PROFILE: Safris Plans To Expand Recycling Progra

WW: What is the scope of your community's solid waste program?

SS: There are roughly 125,000 households in the metro area we serve. Some cities operate their own curbside collection programs, but we don't administer any ourselves. The county uses a private collection company.

WW: What is the state of the recycling programs you administer?

SS: The most established program is the residential drop-off program. We have 30 drop-off sites located throughout the county which consist of compartmentalized containers and open-tops for cardboard. In the compartmentalized containers we collect plastics, clear glass, newspaper and aluminum cans. This program has been in place for about three years and we are continually expanding the program by adding more sites. Typical drop-off sites are schools and grocery stores. We try to get locations that are accessible seven days a week, 24-hours a day, are well lit and on highly traveled streets.

One of our newest ventures is a multi-family unit pilot program. We are sponsoring the program with the help of a grant we re-ceived from the Department of Natural Resources. This program targets multi-family units in the Polk County area, which has di-verse buildings and a range of demographics. Approximately 38 percent of our population lives in multi-family units. We are setting up recycling programs for these complexes. We are going to run the program for one year in conjunction with the property owners and property managers. We want to prove to them that recycling is an economical alternative to regular waste disposal and also give the residents a more convenient way to recycle.

Waste assessments are another part of what we do. Another wo-man and I go into businesses and help them to identify their waste stream, help to find ways to re-duce the waste streams or recycle the waste streams. The program, which is free of charge, also offers a waste exchange in which we keep a current database of what companies have to offer. For ex-ample, what one company is throwing away, another company or organization might find useful. I had nearly 15 responses from in-terested businesses on my first week on the job; this tells me that businesses want help. This service is in conjunction with the Iowa Waste Reduction Center.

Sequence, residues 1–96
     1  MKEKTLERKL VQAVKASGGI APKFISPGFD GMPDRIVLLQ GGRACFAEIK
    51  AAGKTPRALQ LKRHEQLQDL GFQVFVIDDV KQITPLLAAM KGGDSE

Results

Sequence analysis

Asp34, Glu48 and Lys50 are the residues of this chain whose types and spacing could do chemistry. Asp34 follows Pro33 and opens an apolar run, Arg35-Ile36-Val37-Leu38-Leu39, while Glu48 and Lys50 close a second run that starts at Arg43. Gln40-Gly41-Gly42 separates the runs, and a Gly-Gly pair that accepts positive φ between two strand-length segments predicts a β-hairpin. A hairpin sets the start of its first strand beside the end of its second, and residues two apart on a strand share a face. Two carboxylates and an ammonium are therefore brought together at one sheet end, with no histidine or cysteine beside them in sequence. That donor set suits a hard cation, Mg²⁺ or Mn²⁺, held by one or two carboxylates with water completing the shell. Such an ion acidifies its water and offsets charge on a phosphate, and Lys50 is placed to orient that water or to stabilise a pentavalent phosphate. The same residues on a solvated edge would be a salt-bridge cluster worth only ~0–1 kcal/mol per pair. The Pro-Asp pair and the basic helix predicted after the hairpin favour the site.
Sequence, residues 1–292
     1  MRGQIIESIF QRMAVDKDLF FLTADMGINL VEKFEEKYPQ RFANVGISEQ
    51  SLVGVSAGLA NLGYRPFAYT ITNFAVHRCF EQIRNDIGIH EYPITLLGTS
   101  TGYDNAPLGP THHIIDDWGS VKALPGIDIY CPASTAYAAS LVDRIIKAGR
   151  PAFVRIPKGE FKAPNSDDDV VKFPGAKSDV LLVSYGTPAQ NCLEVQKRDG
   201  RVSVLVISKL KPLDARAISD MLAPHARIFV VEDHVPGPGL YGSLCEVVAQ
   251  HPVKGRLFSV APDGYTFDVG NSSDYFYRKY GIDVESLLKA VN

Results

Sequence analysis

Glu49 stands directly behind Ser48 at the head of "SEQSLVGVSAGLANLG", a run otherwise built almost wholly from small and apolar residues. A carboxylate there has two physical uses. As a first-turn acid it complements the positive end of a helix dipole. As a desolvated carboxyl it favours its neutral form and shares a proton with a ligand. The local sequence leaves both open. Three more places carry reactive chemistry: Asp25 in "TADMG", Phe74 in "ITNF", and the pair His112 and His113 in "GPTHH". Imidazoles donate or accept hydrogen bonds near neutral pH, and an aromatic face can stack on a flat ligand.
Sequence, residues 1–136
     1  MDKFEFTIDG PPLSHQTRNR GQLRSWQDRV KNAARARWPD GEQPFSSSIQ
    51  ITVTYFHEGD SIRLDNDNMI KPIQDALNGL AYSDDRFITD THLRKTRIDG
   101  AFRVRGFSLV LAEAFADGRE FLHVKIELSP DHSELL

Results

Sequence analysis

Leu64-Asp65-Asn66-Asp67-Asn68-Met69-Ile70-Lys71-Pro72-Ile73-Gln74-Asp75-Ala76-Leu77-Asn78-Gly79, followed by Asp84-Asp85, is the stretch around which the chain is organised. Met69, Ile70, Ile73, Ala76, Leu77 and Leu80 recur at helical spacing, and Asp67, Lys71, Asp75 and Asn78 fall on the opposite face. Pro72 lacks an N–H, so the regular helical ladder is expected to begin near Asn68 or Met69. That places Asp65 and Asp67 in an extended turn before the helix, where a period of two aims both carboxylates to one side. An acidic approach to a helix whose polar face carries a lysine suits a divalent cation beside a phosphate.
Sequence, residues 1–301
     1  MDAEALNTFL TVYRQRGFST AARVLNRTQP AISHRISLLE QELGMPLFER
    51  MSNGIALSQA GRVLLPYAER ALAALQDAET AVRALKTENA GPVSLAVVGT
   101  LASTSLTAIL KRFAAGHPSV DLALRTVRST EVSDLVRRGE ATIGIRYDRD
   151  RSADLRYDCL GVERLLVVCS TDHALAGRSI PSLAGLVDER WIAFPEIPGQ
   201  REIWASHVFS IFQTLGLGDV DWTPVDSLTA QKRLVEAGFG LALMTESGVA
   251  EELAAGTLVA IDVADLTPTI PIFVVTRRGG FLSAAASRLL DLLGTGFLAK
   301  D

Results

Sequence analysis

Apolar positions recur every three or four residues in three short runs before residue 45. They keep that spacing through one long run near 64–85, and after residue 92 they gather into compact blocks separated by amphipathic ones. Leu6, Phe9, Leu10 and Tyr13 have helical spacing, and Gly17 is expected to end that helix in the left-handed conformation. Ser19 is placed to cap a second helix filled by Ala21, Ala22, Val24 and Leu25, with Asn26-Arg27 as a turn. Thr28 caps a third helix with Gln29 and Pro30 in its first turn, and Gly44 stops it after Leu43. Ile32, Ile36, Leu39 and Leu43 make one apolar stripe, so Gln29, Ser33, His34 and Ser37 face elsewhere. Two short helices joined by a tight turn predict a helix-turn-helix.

WW: How has the flood affected the programs?

SS: The flood of rain was literally followed by a flood of plastic water containers. When the running wa-ter was restored, most containers went to drop-off sites. The influx of containers caused some clean-up difficulties, but the flood also al-lowed us to find out how many re-sidents know about the program and use it.

The heavy rainfall this summer caused difficulty at our landfill. We had to use our wet-weather area 70 percent of the time and we weren't able to get into our open-faced area as much as we would have liked to. We extended our hours at the landfill and to help the residents we waived our tipping fees for residents with flood-damaged material..

Our waste haulers worked hard to keep the sites clean, however, not only were recyclables increasing but so was regular waste such as tires, cardboard and general flood debris. The waste haulers worked around the clock and even office staff was out driving trucks to collect the recyclables.

WW: How do you plan to develop each of these programs?

SS: As we expand the residential program we would like to continue to maintain a level of excellence. We also have a public information department at the agency that is very proactive in educating the community. They make presentations throughout the community, schools and special events. This department helps to generate a lot of interest throughout the community, which benefits us by increasing awareness of our programs and services.

We are constantly promoting the waste assessment program through the Chamber of Commerce. Each city's Chamber of Commerce helps to promote what we are doing, but a lot of times we will just contact companies ourselves. For example, if we see things coming to a landfill, like a large load of cardboard, we will call the company and offer to come out and do a waste assessment for them. Also we are actively working with local recyclers to find out what options are available for businesses. This way when we go to visit businesses, we already know what is available. We are also in the process of developing cost-accounting worksheets for businesses to use to help estimate what their current costs are and how recycling is economical. We are just trying to make it as easy as we can for businesses. After all, business and industry waste makes up about 70 percent of what is going to our landfill.

WW: How will your past experiences from the private industry help you in your new position?

SS: While working at Firestone I was the leader of the recycling task force for my facility. While there, I did everything that I am now recommending to other companies. I understand the difficulties in negotiating contracts with waste haulers and processors and the red tap private industry may face. I understand what it takes to get a team set up to conquer the waste problem. From start to finish, my experience has basically been a hands-on approach to handling the waste.